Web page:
In other words, Lincoln was caught in the same bind as the Original Rebels. Our Founders knew they faced death and worse if they lost the war against England. Their compelling need for the southern states to be part of their Rebellion in order to avoid their own ruination caused them to lose sight of their First Principles; backs against the wall, the North made a truly Faustian bargain with the slave-holding states.
Slavery was (and remains) an abomination. Many historians have said it would have died out in America as an economic force with the onset of technology. Ironic, since the Machine Age was just gaining steam (pardon the pun) even as the Civil War began in earnest. On the other hand, the keeping of slaves was merely part of a whole caste system that included a strong concept of honor and family. The Arabs have a culture similar to the one extant in the American South from the earliest colonial times. They clothe their laws in “religion” and play the old shell game; amazingly, it still works.
In contrast to Jefferson’s ideal of the agrarian farmer, the much-vaunted small landholder, the Cavaliers of the South (including Jefferson’s Virginia) looked down on those who ‘labored’, who worked with their hands. In the South, the middle class was small and precarious, mostly merchants. The upper class, known in Virginia as the FFV (First Families of Virginia) ruled the state’s legislature and intermarried. This concept was carried into other states but in Virginia particularly, the notion of class reigned. For FFV, it was the Lees, Carters, Tazewells, etc. As other states took up the practice, they too adopted the “First Families of ____________”. And back when it mattered, you couldn’t nominate yourself for inclusion in FFV; you had to be invited to join.
We still haven’t healed from that War, neither side. Despite its caterwauling, the North is equally wounded, but as the purported victors, they can and do project any shame that comes to the surface onto the “bigoted South”. It’s the same dynamic you see in abusive families where wives and children are forced to stay in a dangerous union on pain of death. That works until the kids grow up, but eventually it implodes.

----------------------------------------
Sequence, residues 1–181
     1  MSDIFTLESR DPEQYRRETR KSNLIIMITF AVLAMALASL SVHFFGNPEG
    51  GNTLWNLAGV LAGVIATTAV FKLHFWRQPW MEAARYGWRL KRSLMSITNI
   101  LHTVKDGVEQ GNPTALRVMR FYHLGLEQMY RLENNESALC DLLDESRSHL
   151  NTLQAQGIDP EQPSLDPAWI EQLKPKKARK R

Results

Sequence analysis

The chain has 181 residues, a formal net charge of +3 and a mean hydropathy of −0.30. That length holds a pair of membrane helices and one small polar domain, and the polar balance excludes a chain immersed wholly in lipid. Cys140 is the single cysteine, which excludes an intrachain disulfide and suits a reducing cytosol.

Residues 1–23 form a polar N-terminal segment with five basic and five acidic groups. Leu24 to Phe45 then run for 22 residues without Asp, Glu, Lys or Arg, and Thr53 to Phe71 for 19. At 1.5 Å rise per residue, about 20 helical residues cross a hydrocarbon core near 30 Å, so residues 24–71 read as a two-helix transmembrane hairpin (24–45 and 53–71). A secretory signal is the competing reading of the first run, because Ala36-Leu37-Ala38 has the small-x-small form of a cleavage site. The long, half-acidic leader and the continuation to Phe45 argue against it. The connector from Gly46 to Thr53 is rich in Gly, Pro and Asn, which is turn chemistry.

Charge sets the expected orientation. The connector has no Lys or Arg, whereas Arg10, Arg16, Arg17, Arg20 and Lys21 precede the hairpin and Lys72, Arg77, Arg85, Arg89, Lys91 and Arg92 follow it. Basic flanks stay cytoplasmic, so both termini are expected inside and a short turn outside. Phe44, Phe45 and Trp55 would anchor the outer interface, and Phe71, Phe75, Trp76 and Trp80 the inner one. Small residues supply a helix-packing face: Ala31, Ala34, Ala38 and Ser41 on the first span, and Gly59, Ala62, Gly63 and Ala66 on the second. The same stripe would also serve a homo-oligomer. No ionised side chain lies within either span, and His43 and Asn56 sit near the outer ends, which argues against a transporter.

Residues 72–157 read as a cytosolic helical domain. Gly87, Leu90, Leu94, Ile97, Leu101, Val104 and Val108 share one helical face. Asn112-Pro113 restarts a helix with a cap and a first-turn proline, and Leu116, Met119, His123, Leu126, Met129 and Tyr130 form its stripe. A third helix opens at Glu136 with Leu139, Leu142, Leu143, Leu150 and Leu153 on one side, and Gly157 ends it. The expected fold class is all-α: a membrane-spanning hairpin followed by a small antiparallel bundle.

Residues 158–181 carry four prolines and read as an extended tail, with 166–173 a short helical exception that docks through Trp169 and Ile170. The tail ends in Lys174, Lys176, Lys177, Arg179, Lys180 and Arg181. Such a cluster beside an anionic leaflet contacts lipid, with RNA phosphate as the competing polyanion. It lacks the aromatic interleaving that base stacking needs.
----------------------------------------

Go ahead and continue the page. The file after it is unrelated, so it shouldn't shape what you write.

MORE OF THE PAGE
Thanks to central air conditioning which allowed manufacturing to move out of New England and the Midwest, the American South grew up; the union is now imploding and the children are scattering, taking sides as they go.
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The next great mistake, after the Civil War, was adopting the rules of the Welfare State. We started small with Roosevelt’s projects, and much of that work still remains. Back then, the economic depression ground on but the work ethic among average Americans remained strong. As a result, you can still see the places built by the CCC. One of the country’s favorite ‘relics’ is still the most popular destination for travelers and has been so every year since 1946. If you come to America, skip Disneyland and visit the Blue Ridge Parkway. Of course since it was a government project it took forever to finish, the last section completed in 1987. With all the conflict in which it was enmeshed, and the beauty surrounding it, you could think of it as Americana personified: